After my post on Donald Mackay’s record-breaking ride around Australia, my correspondent John referred me to this book.
Jim Fitzpatrick surely must know more about the history of cycling in Australia than anyone on the planet. There are plenty of stories to tell, and he tells them well.
What stood out for me was the sheer impact that the bike must have had on forming our nation. Between the early 1890s when the safety bike was invented (‘ordinary’ bikes were what we now call ‘penny farthings’) and the rise of the motor car, the bike was the fastest, most efficient and most effective way to get around.
The book details the exploits of cycling legends Arthur Richardson, Frank and Alex White, Donald Mackay, Jerome Murif and the great Hubert Opperman – superhuman endurance feats by today’s standards.
According to Fitzpatrick, not only the riders, but the bikes themselves and even the tyres were better in those days, at least if we’re looking for toughness and reliability rather than speed.
Shearers and other itinerant farm workers sometimes shared one bike between two men when they needed to get between jobs quickly. Two men with one bike could travel faster by taking turns at riding and walking.
This puzzle drove my non-mathematical brain nuts for a while.
Surely if one man were on foot at any given time, and every section of the track was being walked by somebody, the time for the trip would be the same as the time a man could walk it alone?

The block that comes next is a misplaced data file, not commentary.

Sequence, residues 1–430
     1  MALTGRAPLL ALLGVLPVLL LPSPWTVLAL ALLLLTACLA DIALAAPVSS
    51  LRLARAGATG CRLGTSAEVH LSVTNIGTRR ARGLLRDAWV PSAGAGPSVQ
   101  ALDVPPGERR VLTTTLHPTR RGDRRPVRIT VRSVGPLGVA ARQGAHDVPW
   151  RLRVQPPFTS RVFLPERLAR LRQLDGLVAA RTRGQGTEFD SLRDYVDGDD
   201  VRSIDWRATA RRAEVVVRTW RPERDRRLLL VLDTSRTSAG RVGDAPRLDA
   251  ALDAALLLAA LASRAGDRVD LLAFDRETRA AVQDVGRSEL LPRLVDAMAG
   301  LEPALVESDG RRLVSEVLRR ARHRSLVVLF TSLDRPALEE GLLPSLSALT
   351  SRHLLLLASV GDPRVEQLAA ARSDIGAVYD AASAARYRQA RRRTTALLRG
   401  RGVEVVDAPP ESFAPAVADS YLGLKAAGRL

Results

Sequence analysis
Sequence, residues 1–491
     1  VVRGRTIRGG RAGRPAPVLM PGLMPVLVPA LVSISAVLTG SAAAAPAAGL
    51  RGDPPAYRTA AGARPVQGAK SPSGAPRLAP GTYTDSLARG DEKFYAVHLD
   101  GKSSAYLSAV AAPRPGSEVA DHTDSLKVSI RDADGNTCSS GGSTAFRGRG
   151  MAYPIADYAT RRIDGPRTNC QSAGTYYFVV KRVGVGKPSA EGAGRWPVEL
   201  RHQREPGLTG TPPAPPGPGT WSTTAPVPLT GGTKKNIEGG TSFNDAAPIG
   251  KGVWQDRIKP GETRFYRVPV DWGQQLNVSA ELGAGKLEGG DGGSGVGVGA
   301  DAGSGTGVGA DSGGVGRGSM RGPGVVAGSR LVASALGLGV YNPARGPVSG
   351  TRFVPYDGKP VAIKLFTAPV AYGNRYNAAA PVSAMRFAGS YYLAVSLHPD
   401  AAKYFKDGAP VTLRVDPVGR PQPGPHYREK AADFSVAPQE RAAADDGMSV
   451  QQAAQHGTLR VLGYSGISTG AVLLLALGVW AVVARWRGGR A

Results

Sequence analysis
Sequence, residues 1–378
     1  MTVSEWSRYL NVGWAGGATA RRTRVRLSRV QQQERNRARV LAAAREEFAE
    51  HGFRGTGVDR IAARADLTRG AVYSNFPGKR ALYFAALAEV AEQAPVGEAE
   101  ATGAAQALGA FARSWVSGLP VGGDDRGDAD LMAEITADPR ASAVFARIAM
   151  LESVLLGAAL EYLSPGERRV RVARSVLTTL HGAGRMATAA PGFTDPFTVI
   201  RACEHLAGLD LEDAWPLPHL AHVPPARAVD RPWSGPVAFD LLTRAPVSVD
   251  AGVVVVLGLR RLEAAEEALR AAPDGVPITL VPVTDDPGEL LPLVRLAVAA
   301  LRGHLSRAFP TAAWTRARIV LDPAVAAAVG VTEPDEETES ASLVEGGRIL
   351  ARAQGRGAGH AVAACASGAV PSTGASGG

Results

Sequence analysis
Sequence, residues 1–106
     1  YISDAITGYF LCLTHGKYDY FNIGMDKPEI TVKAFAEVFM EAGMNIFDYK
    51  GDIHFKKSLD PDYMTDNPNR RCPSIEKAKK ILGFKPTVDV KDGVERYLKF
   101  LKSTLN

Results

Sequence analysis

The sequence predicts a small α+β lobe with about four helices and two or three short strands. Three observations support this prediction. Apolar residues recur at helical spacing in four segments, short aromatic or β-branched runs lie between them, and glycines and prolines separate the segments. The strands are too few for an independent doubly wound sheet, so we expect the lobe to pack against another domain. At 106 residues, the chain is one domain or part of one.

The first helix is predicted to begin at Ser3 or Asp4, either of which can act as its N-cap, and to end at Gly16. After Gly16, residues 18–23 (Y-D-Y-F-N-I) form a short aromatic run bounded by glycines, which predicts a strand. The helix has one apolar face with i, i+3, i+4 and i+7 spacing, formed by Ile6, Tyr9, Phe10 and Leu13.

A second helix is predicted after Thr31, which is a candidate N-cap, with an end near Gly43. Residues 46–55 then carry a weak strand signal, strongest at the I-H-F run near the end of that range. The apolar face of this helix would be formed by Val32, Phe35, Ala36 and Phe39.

Wrong. Here’s why…
Let’s assume each man can ride 15 kilometres per hour (rough road, fixed gear, hills, bike laden with luggage), or walk 5 kilometres per hour (young, fit and his mate has the heavy stuff on the bike).
In the first hour Man A rides the bike 15km while Man B walks 5km. Then Man A parks the bike and walks on for two hours, by which time Man B has reached the bike. Man B is now at the 15km mark, while Man A is at the 25km mark. For the following hour Man B rides, Man A walks and they meet at the 30km mark. It’s taken them 4 hours. Walking alone at 5 kilometres per hour would have taken them 6 hours.
The system breaks down if someone nicks the bike.
Readers of RT’s LOTR are welcome to use this conundrum to win a bet in a pub, though be honest and send me a small percentage of your winnings.
For more about all this, see Mike Rubbo’s excellent blog post: http://www.situp-cycle.com/2011/11/02/the-bicycle-and-the-bush/
The Bicycle and the Bush is available as a Kindle download from Amazon. I hope Mr Fitzpatrick is getting the royalties he deserves.